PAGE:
Combine social networking and classifieds and online buying and selling really start to make sense. Why? Because you can get a much better feel for who you're dealing with. You can peruse the profile of the person who responded to your ad. Even better, you can go to your network of friends and acquaintances first when you're ready to unload that laptop or car, no screening required. And you can donate the proceeds to a charity of your choice in a few clicks. I'm mentioning all this because Oodle, which started providing online classifieds to MySpace last summer, today launches Facebook Marketplace (disclosure: Oodle is a sponsor of NetFamilyNews, but even if it weren't I'd tell you that selling stuff to the wider circle of friends and acquaintances that social networking allows makes sense and is safer than other forms of classifieds online and offline). Where charitable selling on Facebook is concerned, members "can go to Marketplace, post a listing and select ‘Sell for a Cause.’ Once posted, the listing will be distributed to their friends through news feeds allowing the seller to tap their social network for fundraising." This classified advertising's free. Here's the San Jose Mercury News's coverage, and here's Oodle's own Safety & Fraud Center.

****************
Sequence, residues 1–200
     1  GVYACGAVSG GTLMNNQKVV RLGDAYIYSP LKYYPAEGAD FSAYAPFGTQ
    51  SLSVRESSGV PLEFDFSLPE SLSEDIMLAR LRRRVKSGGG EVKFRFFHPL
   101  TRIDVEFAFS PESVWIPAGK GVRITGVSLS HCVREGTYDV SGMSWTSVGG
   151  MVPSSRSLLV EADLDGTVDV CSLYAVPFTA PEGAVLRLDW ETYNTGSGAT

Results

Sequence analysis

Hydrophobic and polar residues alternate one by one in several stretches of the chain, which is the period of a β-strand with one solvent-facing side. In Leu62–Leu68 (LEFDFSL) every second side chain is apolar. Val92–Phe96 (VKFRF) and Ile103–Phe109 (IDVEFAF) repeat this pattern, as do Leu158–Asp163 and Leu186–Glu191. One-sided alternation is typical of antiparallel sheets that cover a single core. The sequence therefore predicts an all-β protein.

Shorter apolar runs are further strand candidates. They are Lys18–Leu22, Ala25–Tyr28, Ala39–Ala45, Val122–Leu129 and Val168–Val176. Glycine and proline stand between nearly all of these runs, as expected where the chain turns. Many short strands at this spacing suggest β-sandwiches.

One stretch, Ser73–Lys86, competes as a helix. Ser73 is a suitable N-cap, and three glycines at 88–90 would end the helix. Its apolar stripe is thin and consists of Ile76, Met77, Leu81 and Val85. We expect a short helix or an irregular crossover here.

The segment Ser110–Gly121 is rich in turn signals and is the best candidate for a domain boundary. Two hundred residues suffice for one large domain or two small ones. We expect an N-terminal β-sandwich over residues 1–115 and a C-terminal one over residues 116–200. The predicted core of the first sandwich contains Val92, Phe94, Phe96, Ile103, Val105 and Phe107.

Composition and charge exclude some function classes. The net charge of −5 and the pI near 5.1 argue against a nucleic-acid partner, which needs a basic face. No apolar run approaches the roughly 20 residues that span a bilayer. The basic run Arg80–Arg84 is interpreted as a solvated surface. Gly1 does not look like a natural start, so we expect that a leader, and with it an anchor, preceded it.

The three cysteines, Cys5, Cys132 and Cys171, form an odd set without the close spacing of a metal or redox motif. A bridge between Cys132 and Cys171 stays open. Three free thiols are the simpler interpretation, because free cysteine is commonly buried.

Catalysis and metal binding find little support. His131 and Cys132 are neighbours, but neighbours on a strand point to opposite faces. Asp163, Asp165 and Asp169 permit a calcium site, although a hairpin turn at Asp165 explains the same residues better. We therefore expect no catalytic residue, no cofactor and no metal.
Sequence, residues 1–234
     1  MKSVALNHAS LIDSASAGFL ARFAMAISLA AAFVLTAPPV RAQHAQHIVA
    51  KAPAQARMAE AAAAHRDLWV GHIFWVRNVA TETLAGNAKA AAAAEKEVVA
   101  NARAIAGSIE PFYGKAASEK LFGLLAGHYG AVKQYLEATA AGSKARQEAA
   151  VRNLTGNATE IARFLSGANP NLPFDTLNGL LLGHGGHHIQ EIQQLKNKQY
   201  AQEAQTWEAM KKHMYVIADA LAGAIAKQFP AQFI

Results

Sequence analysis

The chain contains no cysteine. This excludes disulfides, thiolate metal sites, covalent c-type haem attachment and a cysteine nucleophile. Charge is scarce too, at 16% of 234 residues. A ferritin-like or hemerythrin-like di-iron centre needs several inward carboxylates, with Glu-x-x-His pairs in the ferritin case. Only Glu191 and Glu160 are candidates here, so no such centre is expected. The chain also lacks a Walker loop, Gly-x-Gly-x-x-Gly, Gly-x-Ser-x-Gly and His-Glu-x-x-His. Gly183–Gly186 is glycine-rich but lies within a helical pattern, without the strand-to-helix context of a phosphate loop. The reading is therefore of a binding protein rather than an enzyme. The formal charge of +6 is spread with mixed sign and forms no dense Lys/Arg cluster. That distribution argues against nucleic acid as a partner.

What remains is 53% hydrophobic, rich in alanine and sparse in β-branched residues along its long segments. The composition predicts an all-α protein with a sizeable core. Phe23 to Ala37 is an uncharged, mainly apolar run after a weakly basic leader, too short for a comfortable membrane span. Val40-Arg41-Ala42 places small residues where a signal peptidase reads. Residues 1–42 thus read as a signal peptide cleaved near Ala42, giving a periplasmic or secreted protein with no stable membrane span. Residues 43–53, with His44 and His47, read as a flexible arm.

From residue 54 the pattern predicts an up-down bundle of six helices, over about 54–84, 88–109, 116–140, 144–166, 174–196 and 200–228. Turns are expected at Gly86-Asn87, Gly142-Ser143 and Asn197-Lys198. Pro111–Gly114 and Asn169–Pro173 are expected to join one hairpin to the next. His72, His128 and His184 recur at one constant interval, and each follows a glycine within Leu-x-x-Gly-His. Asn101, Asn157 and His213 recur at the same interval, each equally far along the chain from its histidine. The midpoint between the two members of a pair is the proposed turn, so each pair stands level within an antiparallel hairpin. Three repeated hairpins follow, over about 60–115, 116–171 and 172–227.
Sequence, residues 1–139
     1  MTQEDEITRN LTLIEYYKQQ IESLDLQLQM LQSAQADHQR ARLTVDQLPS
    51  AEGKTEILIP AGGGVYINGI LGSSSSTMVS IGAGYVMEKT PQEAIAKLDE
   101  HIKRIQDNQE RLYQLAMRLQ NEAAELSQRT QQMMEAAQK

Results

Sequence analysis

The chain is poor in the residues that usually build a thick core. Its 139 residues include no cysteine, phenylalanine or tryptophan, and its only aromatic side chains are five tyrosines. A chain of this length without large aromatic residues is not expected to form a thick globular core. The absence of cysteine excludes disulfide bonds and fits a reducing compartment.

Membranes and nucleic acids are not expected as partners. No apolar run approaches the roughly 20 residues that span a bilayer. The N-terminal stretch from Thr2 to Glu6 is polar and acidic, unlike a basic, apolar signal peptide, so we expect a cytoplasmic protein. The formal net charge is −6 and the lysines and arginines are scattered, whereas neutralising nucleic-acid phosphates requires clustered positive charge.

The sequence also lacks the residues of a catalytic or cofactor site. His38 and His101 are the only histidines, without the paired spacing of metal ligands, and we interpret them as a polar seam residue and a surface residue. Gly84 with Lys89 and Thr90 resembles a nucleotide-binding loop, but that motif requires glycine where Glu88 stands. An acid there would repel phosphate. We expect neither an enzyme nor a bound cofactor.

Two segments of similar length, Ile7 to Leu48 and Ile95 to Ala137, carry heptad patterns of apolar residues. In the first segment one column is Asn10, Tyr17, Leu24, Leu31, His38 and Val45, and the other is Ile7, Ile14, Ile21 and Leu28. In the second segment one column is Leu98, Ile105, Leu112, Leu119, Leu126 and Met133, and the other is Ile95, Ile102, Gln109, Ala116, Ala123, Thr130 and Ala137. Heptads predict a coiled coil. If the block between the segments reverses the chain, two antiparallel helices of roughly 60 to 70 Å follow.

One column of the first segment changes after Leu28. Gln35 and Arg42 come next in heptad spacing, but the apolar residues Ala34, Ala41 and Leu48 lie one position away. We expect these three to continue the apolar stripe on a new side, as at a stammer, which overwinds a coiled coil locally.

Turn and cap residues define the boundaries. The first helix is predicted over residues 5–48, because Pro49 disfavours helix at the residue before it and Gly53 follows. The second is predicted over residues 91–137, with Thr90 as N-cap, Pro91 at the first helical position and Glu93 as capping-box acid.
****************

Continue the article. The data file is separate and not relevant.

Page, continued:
Safer Internet Day 2105
- Cyberbullying is not a joke: Celebrities and public figures can make a difference
- Facebook’s Scrapbook encourages photos of children, but think before you post
- Pew Survey: Reports of Facebook’s demise among teens greatly exaggerated
- Should I worry about my teens texting?
- Chromebooks & Google Apps appeal to schools & consumers
- Raising digital kids: 10 tips for improving parent-teen relationships
- Setting screen-time limits – for parents
- Digital Trust Foundation seeking proposals on digital abuse programs
- Parent bullying: The one-upper society
- What is the best way to introduce screen media to our three-and-a-half-year-old?
- Internet Explorer had a long and important life, but it’s time to move on
- Seven good smartphone security habits
- Arkansas bill puts youth safety and privacy in jeopardy
- Android apps to get age rating and manual review
- Facebook clarifies policies on nudity, hate speech and other community standards